John – My Harmonica Studio Legends

I would like to John welcome Austin, Texas native John to our hall of fame! Check out his  interpretation of "Joy Spring" by trumpets Clifford Brown.

 What model(s) of harmonica do you play?

I play Suzuki S56 and SCX-48, Hohner 280C and lots of Special 20s. I also love Brendan Powers' Power Bender for special tunes like Sweet Georgia Brown. 

When did you begin your harmonica studies?

I began playing the Marine Band in 1970 and played semi-professionally for 50 years alongside a busy life as a globe-trotting correspondent for NPR. I always had a diatonic in my equipment bag! I've been trying to play the chromatic since my college days, but I never really got very far. it's a beastly hard instrument (that Yvonnick makes look easy!)  I learned some Toots heads but I never learned how to solo over the changes. It was just too bloody too hard, especially since the 10-holer came so easy to me. I had spurts over the last 20 years when I would try to study jazz chromatic, but life was just too busy: I had three kids, a demanding job, my marriage dissolved, and I just didn't have the systematic time to dedicate to the slide harp. During the waning days of the pandemic I got serious about the chromatic. I retired from NPR in January. Now I try to practice 1-2 hours every day.

Which three songs do you prefer to play the most?

That's a hard one. I love Bluesette, St James Infirmary in Eb and all the Jobim classics: Wave, Insensitive, One Note Samba, Desafinado.

What musical aspirations do you have?

My aspirations are to play jazz well enough to hold my own with good players--whether sitting in, joining jazz jam sessions, or even joining a band. I already play quite a bit in public, mainly on the 10-holer. But I'm rotating in the chromatic more and more as my confidence builds. The challenge I have is that my musical muscles and mind grew up on the diatonic and now I'm trying to learn jazz and it's a whole new language. I've played with Steve Ray Vaughn, Asleep At the Wheel, Hot Club of Cowtown, Johnny Nicholas, Marcia Ball...really a lot of fantastic players. This is heresy, but I'm sort of I'm bored with the diatonic. I can play Cajun, Country, Bluegrass, Irish, and Blues in every style until the cows come home. Done that.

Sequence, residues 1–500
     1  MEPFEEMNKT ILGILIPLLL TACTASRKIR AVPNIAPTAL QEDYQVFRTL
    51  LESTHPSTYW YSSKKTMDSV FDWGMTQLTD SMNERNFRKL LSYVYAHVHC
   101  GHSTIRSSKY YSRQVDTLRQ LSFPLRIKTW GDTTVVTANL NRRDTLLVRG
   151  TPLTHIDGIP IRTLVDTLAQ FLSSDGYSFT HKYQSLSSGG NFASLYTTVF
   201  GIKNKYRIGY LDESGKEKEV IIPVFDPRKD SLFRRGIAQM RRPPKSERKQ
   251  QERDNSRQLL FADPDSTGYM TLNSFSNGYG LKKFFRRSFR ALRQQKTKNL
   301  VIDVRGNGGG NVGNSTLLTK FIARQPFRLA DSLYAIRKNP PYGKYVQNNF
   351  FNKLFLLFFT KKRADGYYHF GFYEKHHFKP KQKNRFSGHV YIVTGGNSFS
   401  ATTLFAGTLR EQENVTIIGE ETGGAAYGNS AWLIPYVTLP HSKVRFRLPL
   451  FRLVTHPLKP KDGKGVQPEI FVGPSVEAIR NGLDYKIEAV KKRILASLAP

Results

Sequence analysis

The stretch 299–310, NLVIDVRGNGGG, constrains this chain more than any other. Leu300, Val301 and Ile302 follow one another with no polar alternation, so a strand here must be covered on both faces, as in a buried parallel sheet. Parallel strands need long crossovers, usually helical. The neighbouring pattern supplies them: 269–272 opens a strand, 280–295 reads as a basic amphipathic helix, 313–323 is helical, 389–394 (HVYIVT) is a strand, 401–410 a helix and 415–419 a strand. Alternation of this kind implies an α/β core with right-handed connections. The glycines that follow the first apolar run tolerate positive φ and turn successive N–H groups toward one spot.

The chromatic is the gateway to the future. I absolutely love it. And with a world full of guitar slingers and sax players, there are very few good chrom players. Most of what you hear on it is blues in D dorian or Eb dorian, a la Little Walter and Kim Wilson. So there's lots of room for exploration, as far as I'm concerned. 

How long have you been a member of My Harmonica Studio?

I joined Harmonica Studio in 2022. A buddy in Houston told me about Yvonnick. I still can't believe how lucky we are to have a player of his skill dedicated to teaching.

What aspects of it do you like? How does it benefit you?

As other members have said, there's a world of instruction on this site that I could dig into for the rest of my life. The arpeggios, the scales, the inversions, and the deconstructions of jazz standards...which I love. I still struggle with the instrument--a lot. It's imperative to play live with other people. Too much practice with the door closed only gets you so far. Jazz is about co-creation in the moment. It's a beautiful thing. Fortunately, I live in a musical town where there are lots of opportunities to play.  Moreover, studying the chromatic has given my diatonic playing some fresh ideas. Now I'm doing cool jazz blues on the 10-holer such as Moanin, Now's the Time, Work Song, Blue Monk. They sound pretty great, actually. So I haven't abandoned the 10-holer, I'm still growing on it...thanks to Harmonica Studio.  

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